Poverty Alleviation Through Sustainable Tourism Development: An Idea Or Reality? by Chananya Phataraprasit, Djinaldi Gosana and Hannah Won

A debate has arisen over the actual effects the tourism industry has within developing countries, and to what extent it helps the poor. The concept of tourism as a means of poverty alleviation has been around for nearly a decade, but there is a continuing debate over its effectiveness. Is tourism actually helping to give families and communities a better life or are here leakages that we do not see? Hear from various credible sources including the people on the ground and decide for yourself.

Bali CoBTA

Lisu Lodge 

Hannah Won – Orphanage Tourism 

Story Telling – How To Communicate Responsible Tourism (Without Sounding Boring!) by Adrianna Tan,  Jeremy Torr and Robin Boustead

Responsible Tourism as tool for branding and marketing is slowly dulling in the background with too many cases of greenwashing and/or boring technical achievements in sustainable practices. It’s time to sharpen your marketing edge and liven up the way you tell your story without compromising on credibility and the great business practices you have adopted. Find out how others have told their story and what travellers are really looking for.

Telling Travel Stories 3.0 by Adrianna Tan, Popaghandi.com

Sustainable Tourism: We All Need To Talk About it by Jeremy Torr, Storylocker

Great Himalaya Trail: A Case Study by Robin Boustead

Presentations from Responsible Tourism Clinics & Forum at ITB Asia 2012

On behalf of ITB Asia and the other co-organizers, Wild Asia would like to thank you for participating in the Responsible Tourism Clinics and Forum at ITB Asia 2012. We would also like to thank all our speakers who graciously spared their time to share their wealth of experience and knowledge with us. The outcome was overwhelming and we hope that 2013 will be bigger and better. Please contact rt@wildasia.org if you wish to be part of 2013′s Responsible Tourism events.

Below you will find the full set of presentations throughout the 3-day event. Let’s continue to “Learn, Be Inspired and Make a Difference!”

Responsible Tourism Clinics

Holistic Property Management by Andrew Johns, Sanctuary Resorts

Responsible Tourism Reporting by Raj Gyawali, Social Tours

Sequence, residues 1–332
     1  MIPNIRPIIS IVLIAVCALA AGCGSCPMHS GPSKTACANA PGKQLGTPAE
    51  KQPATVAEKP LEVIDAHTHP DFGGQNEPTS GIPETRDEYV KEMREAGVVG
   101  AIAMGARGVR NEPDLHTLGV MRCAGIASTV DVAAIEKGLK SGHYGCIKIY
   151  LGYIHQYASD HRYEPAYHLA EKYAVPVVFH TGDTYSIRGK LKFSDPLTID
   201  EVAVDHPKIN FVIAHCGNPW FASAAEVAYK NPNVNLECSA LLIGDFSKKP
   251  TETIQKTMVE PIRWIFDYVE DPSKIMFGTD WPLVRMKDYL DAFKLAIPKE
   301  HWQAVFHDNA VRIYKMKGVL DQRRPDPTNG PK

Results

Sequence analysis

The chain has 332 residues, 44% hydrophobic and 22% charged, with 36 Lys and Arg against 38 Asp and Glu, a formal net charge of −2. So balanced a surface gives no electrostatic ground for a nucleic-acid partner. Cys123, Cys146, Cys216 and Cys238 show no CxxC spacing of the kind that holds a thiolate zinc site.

Tourism as a Tool for Conservation by Raj Basu, HELP Tourism

Responsible Tourism Forum

Greening the Supply Chain to Increase Profit in Business by Professor Geoffrey Lipman, Greenearth Travel, ICTP

New Media as a Strategic Communication in Sustainable Tourism by Jens Thraenthart, Dragon Trail

Workshop on Community Based Tourism (Frasers Hill)

The perfect setting for a workshop with WWF Malaysia’s Community Officers – lush green forested areas, cool temperatures and an array of wildlife and flora. The Wild Asia tourism team and Sandra Tagal, director of Borneo Jungle Safari’s was invited to speak at the “Community Based Eco-Tourism workshop” in Frasers Hill on 27-29 June 2012. The two-day workshop saw 15 people from all walks of life coming together to share a common vision and passion – to see communities empowered to venture into alternative source of livelihood via tourism.

Community Officers set the tone at the start of the workshop by giving the team and their colleagues an overview of their project site, initiatives, challenges and lessons learnt. Each took pride in sharing their experiences and each shared a common empathy on the struggles faced when dealing with communities.

A few success stories surfaced from the sharing and among them were the  engagement with tourism operators in Kinabatangan, Sabah. Programme  Officer, Lavernita Bingku talked about her two year journey in putting a conservation and visitor levy for the Kinabatangan, the second longest river in Malaysia that is steadily growing in tourist numbers and businesses.  Kick-starting the implementation of the Conservation Levy Programme was no easy feat; however with the right authorities supporting and continuous support and effort from the Kinabatangan Corridor of Life Tourism Operators (KiTA) themselves, the Conservation Levy Programme was successfully implemented. Through the levy, they’ve raised a substantial amount that will be used for conservation efforts in the within the area.